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Formerly Roboman, still
Join Date: Jul 2004
Location: Portland, OR
2009-10-02, 02:36

So I've thought about my post for a bit and feel the need to make some corrections.

In its purest form, second person is probably speaking directly to the reader; the reader probably shouldn't assume the role of any character in the story (i.e., a child born in a superstitious age). My example might be sort of moot, I guess. The problem, then, is speaking to the reader without telling them what they are doing and "boxing them in," so to speak. Readers don't like their actions to be dictated for them; unless you're writing a CYOA book, you probably don't want to say "You picked up the sword and killed him" because your reader might not want to. So if you had to describe the reader figure's actions, I'd pick a time when the reader figure wasn't aware or in control of their actions, IE when they were very young, in a coma, sleeping (though that could get kind of creepy), &c. No matter what you do, you will be making the reader figure a character, but making their actions believable and agreeable might disguise that a bit? Idunno.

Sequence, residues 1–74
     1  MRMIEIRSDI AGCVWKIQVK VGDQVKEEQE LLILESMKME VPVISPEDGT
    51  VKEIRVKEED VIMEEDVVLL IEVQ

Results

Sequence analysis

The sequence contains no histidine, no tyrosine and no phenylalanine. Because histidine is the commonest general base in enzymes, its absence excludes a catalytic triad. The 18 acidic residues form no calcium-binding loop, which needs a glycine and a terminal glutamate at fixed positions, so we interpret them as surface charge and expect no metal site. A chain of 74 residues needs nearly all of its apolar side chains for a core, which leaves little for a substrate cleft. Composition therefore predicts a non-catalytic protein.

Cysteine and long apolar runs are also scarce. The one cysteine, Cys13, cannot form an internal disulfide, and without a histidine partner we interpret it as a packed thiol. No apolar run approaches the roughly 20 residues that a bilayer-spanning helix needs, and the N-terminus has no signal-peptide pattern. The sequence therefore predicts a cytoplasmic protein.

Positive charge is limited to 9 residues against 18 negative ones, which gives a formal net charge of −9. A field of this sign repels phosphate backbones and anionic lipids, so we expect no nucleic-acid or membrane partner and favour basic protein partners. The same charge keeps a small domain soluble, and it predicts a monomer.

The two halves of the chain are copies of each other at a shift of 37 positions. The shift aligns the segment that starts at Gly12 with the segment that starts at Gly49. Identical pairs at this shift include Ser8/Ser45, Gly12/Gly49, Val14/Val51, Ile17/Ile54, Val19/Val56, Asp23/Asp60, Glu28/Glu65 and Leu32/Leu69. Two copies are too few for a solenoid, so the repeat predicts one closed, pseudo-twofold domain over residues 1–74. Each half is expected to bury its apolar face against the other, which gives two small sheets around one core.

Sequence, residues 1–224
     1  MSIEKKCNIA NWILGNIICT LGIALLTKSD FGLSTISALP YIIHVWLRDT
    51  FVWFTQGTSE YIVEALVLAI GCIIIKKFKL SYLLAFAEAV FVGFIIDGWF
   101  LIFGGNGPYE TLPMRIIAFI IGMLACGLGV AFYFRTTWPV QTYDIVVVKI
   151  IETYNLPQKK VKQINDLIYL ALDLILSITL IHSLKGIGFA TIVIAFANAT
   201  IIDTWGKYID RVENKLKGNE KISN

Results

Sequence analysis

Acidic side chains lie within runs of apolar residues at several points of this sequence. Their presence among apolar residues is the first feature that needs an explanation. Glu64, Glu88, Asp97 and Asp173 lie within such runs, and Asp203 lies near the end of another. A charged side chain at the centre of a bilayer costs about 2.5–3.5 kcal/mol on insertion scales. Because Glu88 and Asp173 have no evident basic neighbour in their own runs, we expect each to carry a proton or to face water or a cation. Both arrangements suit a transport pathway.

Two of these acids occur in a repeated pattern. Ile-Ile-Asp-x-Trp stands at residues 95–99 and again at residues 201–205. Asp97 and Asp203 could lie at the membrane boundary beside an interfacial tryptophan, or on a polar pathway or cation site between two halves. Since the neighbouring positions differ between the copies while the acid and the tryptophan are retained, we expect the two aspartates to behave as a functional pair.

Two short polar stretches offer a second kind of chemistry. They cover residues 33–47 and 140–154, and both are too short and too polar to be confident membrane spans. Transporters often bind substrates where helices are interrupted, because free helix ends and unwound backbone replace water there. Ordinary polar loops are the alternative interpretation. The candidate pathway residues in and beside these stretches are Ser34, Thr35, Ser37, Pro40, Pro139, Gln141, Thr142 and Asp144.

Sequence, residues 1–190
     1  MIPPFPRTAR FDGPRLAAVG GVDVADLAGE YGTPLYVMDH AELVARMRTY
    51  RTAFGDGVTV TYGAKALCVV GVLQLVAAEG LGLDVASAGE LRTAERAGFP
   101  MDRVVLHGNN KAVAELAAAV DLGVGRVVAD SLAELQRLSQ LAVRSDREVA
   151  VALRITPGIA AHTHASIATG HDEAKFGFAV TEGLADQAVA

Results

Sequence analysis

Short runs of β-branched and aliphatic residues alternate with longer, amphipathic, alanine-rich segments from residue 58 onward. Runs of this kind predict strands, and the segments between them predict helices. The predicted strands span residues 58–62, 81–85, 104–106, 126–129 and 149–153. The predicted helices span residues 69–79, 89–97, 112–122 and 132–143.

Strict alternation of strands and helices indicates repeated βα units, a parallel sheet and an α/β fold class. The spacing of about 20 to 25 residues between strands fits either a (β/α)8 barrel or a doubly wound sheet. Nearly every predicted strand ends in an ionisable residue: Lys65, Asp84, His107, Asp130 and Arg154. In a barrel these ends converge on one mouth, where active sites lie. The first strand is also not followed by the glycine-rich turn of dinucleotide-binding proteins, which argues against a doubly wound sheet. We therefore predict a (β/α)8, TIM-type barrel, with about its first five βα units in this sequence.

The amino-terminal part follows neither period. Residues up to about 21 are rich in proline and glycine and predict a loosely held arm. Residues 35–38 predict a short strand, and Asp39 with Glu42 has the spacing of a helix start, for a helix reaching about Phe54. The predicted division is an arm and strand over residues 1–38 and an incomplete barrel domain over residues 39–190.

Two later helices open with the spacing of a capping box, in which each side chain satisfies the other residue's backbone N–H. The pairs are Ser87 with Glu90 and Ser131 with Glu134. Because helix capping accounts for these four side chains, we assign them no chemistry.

I don't write in second person very often.

One reason that paper might be have been assigned is that avoiding the use of the word "I" can help eliminate passive voice from writing; using the coma example, one would have to write "You worried us" rather than "We were worried." In any case, it's a very nontraditional writing mode, so I can't imagine it would be graded too harshly.

Maybe you could personify a concept, and write to that? But I'm not sure if that would be second person in the strictest sense, either.

and i guess i've known it all along / the truth is, you have to be soft to be strong